02 March 2011

Eric Huebner Piano Recital

One of the things that I do here in Buffalo to entertain myself is to attend the various music recitals that the music department offers. And a couple of weeks ago, I attended another one, this time, it was a piano recital by Eric Huebner. He's a member of the music faculty, and he happened to give a recital a few weeks ago. And I was looking forward to this, because I think the last time I attended a piano recital was a while ago, back in September 2009.

Anyway, the program included modern and traditional music, and that was definitely fun. The first on the program was a piece called Pangrams, written by Huebner's wife, Caroline Mallonée. It was a quite ingenious piece of work, consisting of 44 different pangrams played altogether, where every pangram makes use of each of the piano's 88 keys. It's like the musical equivalent of the English sentence The quick brown fox jumps over the lazy dog.

The next piece was Gyorgy Ligeti's Etudes Book 3. I unfortunately missed another piano recital earlier this year, by Jeremy Denk, and apparently he played the first two books. Anyway, wow, I've tried playing a Ligeti etude once, I failed. It was so hard, and the thing is, the music is nothing I have seen before. The technique was different, there were so many things that were different that someone learning the pieces would have to reconceptualize what music is, in order for one to study it. If you want to have a feel of how Ligeti's music sounds like, listen to this video of one of his etudes, entitled Désordre.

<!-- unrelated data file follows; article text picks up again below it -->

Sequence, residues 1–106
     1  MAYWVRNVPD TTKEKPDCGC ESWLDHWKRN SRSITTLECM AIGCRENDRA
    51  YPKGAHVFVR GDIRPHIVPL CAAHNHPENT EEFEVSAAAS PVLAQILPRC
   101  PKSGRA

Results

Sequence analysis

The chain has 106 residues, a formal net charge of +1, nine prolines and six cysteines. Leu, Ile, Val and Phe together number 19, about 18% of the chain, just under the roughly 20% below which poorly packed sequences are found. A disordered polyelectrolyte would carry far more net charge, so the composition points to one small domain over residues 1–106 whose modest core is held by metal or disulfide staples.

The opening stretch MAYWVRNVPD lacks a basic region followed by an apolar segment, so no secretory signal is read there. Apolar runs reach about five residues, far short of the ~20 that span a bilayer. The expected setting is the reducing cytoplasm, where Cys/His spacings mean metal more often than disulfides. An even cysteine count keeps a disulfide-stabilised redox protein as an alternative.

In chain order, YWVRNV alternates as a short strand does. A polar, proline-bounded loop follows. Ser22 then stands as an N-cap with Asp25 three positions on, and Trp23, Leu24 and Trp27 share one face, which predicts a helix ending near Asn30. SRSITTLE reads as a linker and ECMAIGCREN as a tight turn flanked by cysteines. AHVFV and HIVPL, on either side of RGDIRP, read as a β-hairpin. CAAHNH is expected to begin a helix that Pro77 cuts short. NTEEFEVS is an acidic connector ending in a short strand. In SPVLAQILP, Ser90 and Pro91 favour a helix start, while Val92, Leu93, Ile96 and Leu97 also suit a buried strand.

But I digress. Huebner did a great job playing these. His fingers, oh, it was a marvel to watch. The thing with Ligeti's music, which is also true with the next piece he played, which was Gyorgy Kurtag's Klavierstuck, Op. 3, is that accentuation is a big part. It might sound like just a collection of random notes, but seriously, there's a systematicity that is embedded there somewhere.

The final piece was something less modern, which was Robert Schumann's Kreisleriana, Op. 16. I remember having a copy of this piece, except that I didn't play it. Instead, I played Arabesque, Op. 18, which happened to be in the same book. Anyway, I am not too familiar with Schumann's music, I have this idea that Schumann is like the Wagner of piano, and his compositions are these dense collections of notes that are hard to dissect. Nevertheless, I liked the way Huebner interpreted it, once again I was amazed at his fingering. Watching him play made me think at the skill he has in making it appear that playing those virtuosic pieces required no effort at all.

So yes, that was once again a wonderful night. I had my fill of musical culture and I definitely enjoyed that.

(Nun Pyramid, from my Modern Art in Cuzco Series)